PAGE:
The child appears before her mother, desperately close to being positivo, but not really there.
«Mum, where have you been?» the girl asks. «I’ve missed you a lot. Have you missed me?»
The mother can see her, speak to her, but not touch her.
«I have missed you Na-yeon,» she tells the computer-generated child, trying to stroke her hair.
Na-yeon is just pixels, and a voice in headphones. The meeting is in a green room, a imaginario reality headset on the mother’s head.
Na-yeon died of leukaemia, age seven, in 2016.
For the mother, Jang Ji-sung, meeting her daughter’s altibajo is complex and deeply emotional.
«If Na-yeon were alive, she would now be 11 years old. And it’s heartbreaking to see that her time has stopped at the age of seven. But I was so happy to see her that way,» she said.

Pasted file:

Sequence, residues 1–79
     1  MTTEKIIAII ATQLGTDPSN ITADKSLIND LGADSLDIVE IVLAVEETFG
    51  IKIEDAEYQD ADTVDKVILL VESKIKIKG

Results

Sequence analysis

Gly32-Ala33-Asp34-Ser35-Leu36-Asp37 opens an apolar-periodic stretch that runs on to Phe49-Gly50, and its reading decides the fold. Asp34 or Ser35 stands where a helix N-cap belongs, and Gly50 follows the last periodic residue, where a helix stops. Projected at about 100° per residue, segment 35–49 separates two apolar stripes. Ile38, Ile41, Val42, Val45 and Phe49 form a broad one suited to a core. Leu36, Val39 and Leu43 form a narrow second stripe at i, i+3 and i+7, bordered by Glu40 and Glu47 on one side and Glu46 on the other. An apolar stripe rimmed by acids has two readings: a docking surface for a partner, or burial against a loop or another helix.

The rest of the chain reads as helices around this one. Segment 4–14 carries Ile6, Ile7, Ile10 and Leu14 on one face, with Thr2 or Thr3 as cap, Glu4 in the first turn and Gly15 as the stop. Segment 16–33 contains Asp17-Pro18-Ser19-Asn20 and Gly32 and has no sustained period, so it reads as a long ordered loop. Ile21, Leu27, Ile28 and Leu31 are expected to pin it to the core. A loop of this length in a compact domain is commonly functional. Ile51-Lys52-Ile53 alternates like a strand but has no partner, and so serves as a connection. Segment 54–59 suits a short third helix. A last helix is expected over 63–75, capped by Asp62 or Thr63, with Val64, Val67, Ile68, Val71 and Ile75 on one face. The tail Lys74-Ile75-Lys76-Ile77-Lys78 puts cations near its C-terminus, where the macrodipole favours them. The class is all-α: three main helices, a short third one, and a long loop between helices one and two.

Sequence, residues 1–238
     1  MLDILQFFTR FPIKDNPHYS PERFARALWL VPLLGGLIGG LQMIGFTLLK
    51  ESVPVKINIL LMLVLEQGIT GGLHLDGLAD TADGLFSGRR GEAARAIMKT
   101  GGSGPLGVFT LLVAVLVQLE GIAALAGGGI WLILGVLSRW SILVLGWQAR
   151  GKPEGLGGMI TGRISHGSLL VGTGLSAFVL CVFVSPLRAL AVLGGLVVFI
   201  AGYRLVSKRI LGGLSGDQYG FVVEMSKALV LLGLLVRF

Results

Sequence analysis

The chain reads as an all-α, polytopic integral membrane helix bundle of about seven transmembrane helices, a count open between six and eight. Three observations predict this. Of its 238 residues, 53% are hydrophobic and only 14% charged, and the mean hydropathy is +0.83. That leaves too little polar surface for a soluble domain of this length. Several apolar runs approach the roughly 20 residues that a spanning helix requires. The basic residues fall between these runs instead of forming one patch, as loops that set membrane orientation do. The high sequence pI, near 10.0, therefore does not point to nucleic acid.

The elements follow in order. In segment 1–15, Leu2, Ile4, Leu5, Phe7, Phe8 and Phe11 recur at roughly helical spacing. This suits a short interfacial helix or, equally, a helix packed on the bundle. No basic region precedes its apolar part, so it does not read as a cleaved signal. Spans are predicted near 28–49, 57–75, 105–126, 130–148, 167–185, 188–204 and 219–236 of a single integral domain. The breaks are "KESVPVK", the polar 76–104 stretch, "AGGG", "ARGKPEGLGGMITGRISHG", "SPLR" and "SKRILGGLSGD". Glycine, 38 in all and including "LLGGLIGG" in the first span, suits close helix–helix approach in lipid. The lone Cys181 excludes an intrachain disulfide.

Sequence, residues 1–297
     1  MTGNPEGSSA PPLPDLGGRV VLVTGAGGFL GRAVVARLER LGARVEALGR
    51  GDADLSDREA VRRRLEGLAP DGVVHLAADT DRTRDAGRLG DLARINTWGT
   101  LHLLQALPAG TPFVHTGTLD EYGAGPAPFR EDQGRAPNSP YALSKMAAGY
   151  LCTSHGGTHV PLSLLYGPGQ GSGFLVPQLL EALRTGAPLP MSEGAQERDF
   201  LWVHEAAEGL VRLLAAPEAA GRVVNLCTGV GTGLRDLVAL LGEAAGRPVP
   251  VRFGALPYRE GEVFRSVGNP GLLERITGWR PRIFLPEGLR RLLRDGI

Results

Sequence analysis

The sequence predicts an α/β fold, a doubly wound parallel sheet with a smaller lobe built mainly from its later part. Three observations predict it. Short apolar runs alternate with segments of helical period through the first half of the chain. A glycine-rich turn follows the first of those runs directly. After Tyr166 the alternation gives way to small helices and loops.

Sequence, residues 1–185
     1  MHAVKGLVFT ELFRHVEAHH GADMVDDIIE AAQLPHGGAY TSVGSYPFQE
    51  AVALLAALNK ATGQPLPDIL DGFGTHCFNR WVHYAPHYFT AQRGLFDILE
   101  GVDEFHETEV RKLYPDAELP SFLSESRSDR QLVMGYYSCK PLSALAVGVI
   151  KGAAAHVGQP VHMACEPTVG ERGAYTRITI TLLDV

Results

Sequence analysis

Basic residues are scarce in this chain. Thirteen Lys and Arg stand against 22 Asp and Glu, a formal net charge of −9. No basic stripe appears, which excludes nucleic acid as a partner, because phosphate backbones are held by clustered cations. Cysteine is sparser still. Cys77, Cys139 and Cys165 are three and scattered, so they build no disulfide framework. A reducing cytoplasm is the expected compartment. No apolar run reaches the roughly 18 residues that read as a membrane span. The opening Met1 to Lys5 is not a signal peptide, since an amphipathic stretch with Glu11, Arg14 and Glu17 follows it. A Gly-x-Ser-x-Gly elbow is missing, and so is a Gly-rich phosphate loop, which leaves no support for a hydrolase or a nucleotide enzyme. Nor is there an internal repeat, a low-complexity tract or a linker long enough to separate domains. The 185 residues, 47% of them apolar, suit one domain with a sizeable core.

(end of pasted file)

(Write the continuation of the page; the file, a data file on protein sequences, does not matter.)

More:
The reunion was organised for a South Korean TV show, which has been accused of manipulating a grieving mother.
Media columnist Park Sang-hyun said the documentary amounted to exploitation of personal pain, AFP reported.
«It’s understandable a grief-stricken mother would wish to meet her late daughter. I would do the same,» he said.
«The problem lies in that the broadcaster has taken advantage of a desvalido mother who lost a child for sake of the viewer ratings.
«If the mother had been counselled before the filming, I wonder what kind of a psychiatrist would approve this.»
But Jang hoped the programme could console others who had lost loved ones.
«Even though it was a very brief … I was really happy in the moment,» she wrote on her blog – which she has since turned private.
Jang said her last wish was to tell Na-yeon that she loved her and has never forgotten her.